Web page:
What is it about?
Legislators sometimes focus on making political points or grandstanding rather than making policy. Why do they take this approach, and what are they getting from political grandstanding? This paper demonstrates that US House representatives tended to gain higher vote shares in the following election when they increasingly made grandstanding remarks during their two-year term.
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Why is it important?
Previous studies assumed or argued that legislators grandstand in an expectation of gaining more votes in the following election, but this claim has not been studied systematically. This is the first study to empirically test this is really the case using legislators' "grandstanding score" measured based on what they said during congressional committee hearings in the past 20 years. The study further contrasts reactions from voters and donors. Interestingly, organized donors did not react to legislators’ political speeches but rewarded their legislative achievements instead. This raises concerns about how representative democracy works because legislators may represent organized interests when making policy while pleasing voters only by giving impressive, political speeches.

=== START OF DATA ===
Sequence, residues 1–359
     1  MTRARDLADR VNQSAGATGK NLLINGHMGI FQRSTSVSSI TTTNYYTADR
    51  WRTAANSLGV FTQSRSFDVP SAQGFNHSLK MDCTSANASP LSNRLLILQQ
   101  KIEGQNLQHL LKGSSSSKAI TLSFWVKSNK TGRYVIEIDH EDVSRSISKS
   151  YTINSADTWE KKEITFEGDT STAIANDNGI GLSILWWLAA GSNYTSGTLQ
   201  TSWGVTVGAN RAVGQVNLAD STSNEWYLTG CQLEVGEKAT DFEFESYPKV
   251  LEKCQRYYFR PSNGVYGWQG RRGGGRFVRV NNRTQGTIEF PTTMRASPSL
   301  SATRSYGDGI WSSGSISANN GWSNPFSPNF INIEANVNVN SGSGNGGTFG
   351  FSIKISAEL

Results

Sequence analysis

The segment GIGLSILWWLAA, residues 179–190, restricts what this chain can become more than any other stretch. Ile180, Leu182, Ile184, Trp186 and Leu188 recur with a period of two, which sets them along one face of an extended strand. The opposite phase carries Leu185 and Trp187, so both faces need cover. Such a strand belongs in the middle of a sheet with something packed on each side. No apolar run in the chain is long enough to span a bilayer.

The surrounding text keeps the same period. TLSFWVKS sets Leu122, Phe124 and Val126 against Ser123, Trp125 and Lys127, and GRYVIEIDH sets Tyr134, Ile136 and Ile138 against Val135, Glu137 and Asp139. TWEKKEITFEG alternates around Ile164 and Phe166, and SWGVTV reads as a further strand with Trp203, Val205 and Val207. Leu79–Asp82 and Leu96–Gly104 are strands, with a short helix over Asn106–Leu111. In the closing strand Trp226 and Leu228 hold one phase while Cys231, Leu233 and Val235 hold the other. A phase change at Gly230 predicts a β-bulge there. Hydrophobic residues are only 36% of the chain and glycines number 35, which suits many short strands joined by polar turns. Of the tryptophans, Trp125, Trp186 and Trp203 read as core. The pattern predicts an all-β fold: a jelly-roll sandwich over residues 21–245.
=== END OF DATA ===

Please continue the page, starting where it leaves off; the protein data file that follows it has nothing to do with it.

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This page is a summary of: Electoral rewards for political grandstanding, Proceedings of the National Academy of Sciences, April 2023, Proceedings of the National Academy of Sciences,
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